Event Details

 11-27 March 2016, Georgian National Museum,  Shalva Amiranashvili Museum of Fine Arts, 1 Gudiashvili Street, Tbilisi, Georgia. www.museum.ge

Georgian National Museum Shalva Amiranashvili Museum of Fine Arts welcomes British artist Aigana Gali and an exploration of her Kazakh/Georgian roots to Tbilisi with a debut exhibition on March 11th, on view until March 27th. The Steppe fine art show will feature 26 large oil paintings by Aigana Gali that invite us to the barren lands of the steppe, Kazakhstan’s grasslands; a place she continues to long for.


About the show

Born in Kazakhstan, Aigana Gali’s first solo exhibition was held in 2003 at The Almaty Art Gallery – one of the largest contemporary galleries in Kazakhstan. Since then, she has been recognised as one of the brightest young talents of Kazakh modern art, and has made numerous successful group and individual painting and drawing exhibitions. Gali currently works and exhibits in London, UK.

The Steppe is an all-encompassing experience that invites viewers through paintings and sound into an extraordinary, boundless world. Award-winning BBC composers Olivier Behzadi and Jimmy Green have created a hypnotising mix of Turk and Central Asian contemporary music specifically written for the exhibition. Onlookers are encouraged to feel and connect with the art and appreciate the fragile balance between imagination and reality, spirituality and physicality, desolation and life.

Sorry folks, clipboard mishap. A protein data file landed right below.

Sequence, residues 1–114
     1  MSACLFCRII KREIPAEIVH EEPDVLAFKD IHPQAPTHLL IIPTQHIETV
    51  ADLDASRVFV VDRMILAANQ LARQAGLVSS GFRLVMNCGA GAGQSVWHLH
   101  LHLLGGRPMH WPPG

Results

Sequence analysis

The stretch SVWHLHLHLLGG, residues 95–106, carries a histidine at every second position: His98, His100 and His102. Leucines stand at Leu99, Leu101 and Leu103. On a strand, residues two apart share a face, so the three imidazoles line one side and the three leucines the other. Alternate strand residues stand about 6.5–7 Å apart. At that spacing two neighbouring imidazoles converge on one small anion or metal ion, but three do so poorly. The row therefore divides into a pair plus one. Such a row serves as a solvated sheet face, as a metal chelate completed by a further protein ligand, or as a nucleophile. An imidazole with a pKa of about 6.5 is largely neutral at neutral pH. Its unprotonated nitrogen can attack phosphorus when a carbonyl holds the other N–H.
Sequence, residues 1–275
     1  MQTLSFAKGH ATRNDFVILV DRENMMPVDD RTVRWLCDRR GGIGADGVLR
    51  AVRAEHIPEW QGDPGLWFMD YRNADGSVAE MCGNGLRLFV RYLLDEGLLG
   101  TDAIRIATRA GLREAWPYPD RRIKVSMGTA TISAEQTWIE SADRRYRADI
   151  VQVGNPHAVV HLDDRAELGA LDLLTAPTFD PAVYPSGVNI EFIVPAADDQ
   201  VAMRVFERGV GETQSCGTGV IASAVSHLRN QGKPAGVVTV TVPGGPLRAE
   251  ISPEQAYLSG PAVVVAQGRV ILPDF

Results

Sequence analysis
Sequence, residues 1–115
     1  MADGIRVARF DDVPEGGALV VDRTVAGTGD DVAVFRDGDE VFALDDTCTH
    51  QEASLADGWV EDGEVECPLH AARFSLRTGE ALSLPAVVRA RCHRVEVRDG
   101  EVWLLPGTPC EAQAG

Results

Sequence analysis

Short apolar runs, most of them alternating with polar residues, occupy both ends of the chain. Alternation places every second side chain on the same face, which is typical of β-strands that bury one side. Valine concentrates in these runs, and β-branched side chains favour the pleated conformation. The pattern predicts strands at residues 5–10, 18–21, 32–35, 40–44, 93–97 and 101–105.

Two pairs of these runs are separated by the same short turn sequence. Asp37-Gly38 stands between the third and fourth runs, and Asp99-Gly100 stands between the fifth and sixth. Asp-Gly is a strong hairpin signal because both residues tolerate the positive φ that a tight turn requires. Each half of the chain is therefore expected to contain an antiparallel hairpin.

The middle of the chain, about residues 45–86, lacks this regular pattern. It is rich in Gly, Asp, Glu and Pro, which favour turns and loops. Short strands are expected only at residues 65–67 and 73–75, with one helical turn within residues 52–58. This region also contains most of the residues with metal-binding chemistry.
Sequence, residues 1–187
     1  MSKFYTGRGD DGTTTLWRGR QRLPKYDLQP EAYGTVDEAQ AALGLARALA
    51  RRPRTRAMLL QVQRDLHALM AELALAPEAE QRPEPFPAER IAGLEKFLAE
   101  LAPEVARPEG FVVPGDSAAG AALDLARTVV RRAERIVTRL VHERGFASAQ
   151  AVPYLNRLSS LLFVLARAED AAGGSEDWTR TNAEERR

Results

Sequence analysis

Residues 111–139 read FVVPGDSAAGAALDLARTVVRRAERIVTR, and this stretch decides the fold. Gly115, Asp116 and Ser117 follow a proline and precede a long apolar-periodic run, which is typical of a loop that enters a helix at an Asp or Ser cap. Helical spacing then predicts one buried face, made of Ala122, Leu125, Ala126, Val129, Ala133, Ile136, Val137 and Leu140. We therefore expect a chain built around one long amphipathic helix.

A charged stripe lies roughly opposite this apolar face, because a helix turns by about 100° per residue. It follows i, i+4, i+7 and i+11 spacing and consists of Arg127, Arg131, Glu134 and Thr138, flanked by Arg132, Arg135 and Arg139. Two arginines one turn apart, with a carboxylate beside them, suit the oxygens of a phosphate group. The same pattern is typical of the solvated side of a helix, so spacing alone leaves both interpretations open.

Gali strips away superfluous human constructions and re-centres on a core element that has survived through time: the Kazakh steppe. Historically the domain of tribal nomads, the steppe is ingrained with traditions, legends, mystical shamanism, and breath-taking landscapes, all symbolically interpreted by the artist. Gali explains

I’m a child of the steppe. When immersed within the barren lands, a deep feeling of nothingness washes over you, but it’s the perfect ‘nothing’. The knowledge of understanding one’s self is graciously met when immersed in such a place where only thoughts can fill the air around you, and you feel the true proportion of your personality against this enormous void. The paintings in this series are vibrations of space alongside silent resonances. They depict neither a particular space nor a precise landscape. Each work is an open possibility; an attempt to make visible a cosmogony of the steppe richly embroidered with timelessness and infinity. The absence of contours can suggest form; colours and mood change constantly according to the light.

Aigana Gali has been a long-time student of artist Oleg Pischev, and studied Fine Art at Almaty State University. After moving to London, she gained her Master’s Degree in Art from Sotheby’s Institute of Art in 2010 while working as an art councillor at the Kazakh-British Art Council. Over 100 works by the artist are held in private and public collections in Russia, Europe and Kazakhstan.

The exhibition will feature